Thinking Beyond the Brain: Why Neuroplasticity is Overhyped

Lists of exercises to rewire your brain, books about the “plastic” brain… Neuroplasticity has been touted as a magical capability anyone can harness for success. As with many neuroscience-based concepts that made it into mainstream media, the hype starts from a fact: it is true that the adult brain is not hard-wired with fixed neuronal … Read More

What is neurodiversity?

People think, learn, behave, and experience the world around them in many different ways. Some of this diversity is due to neurological differences. Neurodiversity refers to those variations in neurocognitive functioning. Let’s have a look at the origin of the term, and its usefulness in research and practice. A short primer on neurodiversity The term … Read More

An introduction to applied neuroscience

There are many different fields of research in neuroscience. Molecular and cellular neuroscience explores how neurons express and respond to molecular signals, and how they process signals at a physiological and electrochemical level. Cognitive and behavioural neuroscience explores the neurobiological processes that underlie cognition and behaviour. Computational neuroscience uses mathematical models to understand the features … Read More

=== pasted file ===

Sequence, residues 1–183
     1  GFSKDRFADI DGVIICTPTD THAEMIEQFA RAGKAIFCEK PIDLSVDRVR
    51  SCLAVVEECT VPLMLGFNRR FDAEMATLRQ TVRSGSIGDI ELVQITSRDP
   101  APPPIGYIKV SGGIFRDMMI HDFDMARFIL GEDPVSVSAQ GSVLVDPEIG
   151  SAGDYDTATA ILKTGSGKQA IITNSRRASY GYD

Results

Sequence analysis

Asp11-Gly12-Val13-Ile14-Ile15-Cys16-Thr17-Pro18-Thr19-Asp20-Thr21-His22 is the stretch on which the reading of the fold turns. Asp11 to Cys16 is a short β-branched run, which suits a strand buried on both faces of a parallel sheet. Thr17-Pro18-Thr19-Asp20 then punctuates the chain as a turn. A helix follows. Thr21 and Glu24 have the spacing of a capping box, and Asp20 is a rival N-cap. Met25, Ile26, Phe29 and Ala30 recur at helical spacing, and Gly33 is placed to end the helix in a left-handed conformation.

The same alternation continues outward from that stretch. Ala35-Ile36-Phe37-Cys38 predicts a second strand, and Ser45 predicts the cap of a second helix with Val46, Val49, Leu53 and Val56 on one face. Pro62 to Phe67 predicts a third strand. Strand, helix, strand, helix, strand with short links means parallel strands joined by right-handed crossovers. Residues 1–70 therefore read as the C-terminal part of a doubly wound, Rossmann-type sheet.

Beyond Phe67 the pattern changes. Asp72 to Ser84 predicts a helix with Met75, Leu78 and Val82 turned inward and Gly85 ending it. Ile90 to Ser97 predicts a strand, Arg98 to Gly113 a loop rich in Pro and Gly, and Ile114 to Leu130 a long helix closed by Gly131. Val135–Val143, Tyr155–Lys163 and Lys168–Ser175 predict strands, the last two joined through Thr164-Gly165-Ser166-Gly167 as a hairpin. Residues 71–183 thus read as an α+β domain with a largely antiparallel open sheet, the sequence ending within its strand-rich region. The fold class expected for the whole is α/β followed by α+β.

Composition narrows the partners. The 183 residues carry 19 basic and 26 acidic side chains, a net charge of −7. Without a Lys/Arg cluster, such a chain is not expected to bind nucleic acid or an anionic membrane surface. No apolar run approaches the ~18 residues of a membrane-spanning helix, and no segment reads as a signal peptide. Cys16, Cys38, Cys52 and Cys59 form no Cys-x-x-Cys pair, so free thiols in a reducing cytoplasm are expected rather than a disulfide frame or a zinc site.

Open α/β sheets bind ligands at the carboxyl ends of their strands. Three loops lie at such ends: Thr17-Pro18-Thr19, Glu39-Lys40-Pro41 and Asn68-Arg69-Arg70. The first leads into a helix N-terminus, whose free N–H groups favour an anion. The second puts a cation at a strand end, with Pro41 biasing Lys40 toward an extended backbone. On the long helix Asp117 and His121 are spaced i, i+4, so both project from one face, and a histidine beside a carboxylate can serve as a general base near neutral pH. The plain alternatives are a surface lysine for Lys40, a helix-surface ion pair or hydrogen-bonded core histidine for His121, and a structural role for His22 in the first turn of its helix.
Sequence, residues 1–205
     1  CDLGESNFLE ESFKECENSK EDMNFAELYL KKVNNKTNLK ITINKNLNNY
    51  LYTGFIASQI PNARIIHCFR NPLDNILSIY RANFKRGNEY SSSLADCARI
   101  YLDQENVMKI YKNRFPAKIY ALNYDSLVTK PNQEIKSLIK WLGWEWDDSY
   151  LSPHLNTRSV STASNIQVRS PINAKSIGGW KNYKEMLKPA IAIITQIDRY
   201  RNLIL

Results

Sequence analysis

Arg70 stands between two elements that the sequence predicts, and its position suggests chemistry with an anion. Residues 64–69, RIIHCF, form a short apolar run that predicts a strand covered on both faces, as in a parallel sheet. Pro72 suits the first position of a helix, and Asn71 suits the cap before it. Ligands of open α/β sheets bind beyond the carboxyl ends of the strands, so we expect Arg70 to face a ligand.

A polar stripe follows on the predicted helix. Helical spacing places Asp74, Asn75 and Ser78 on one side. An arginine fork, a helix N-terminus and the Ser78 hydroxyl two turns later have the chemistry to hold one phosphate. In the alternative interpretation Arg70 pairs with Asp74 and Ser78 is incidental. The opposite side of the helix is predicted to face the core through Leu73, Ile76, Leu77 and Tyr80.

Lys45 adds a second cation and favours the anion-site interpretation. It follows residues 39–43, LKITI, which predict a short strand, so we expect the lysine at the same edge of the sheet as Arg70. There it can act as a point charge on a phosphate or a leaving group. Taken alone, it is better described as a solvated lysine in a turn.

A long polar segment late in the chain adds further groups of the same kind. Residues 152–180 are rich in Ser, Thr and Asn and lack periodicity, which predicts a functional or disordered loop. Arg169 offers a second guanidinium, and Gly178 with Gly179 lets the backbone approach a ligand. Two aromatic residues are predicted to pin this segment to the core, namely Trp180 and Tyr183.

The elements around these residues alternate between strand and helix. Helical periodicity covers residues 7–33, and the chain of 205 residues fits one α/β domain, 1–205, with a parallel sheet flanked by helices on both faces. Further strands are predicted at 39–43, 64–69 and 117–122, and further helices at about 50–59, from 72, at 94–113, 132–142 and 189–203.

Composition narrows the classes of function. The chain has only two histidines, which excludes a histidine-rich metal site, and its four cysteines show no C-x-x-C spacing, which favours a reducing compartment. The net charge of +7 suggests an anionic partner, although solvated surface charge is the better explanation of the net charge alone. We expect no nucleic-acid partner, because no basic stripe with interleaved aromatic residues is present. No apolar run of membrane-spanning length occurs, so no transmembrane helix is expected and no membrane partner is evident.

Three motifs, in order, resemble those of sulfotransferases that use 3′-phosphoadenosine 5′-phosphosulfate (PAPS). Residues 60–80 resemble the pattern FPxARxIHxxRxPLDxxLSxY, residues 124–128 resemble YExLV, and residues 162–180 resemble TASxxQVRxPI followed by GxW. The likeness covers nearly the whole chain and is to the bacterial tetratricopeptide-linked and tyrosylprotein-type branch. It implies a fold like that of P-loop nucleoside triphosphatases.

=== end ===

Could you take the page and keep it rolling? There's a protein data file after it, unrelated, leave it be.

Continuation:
Impossible colors: our vision’s incomplete palette

We take the way we see the world for granted. But our experience of the world is shaped in part by our visual system—which is both extremely complex and limited. Impossible colors, which are sometimes called non-physical colors, are a great reminder to not consider our perception of the visual world the only possible experience. … Read More

Brain-training games are BS

“Brain Age: Train Your Brain in Minutes a Day!” claims the fifteen-year old Nintendo brain-training app, also known as Dr. Kawashima’s Brain Training. The app consists of mini-games supposedly designed to stimulate various parts of the brain and help combat normal aging effects on the brain. The latest version was released early 2020 in Europe … Read More

Somewhere over the brainbow: a beautiful neuroimaging technique

In the late 1800s, researchers discovered a technique to stain neurons black. Called the Golgi’s method after its inventor Camillo Golgi, an Italian physician and scientist, it allowed us to discover a number of new facts about the organisation of the nervous system, and gave rise to the neuron doctrine—the concept that the nervous system … Read More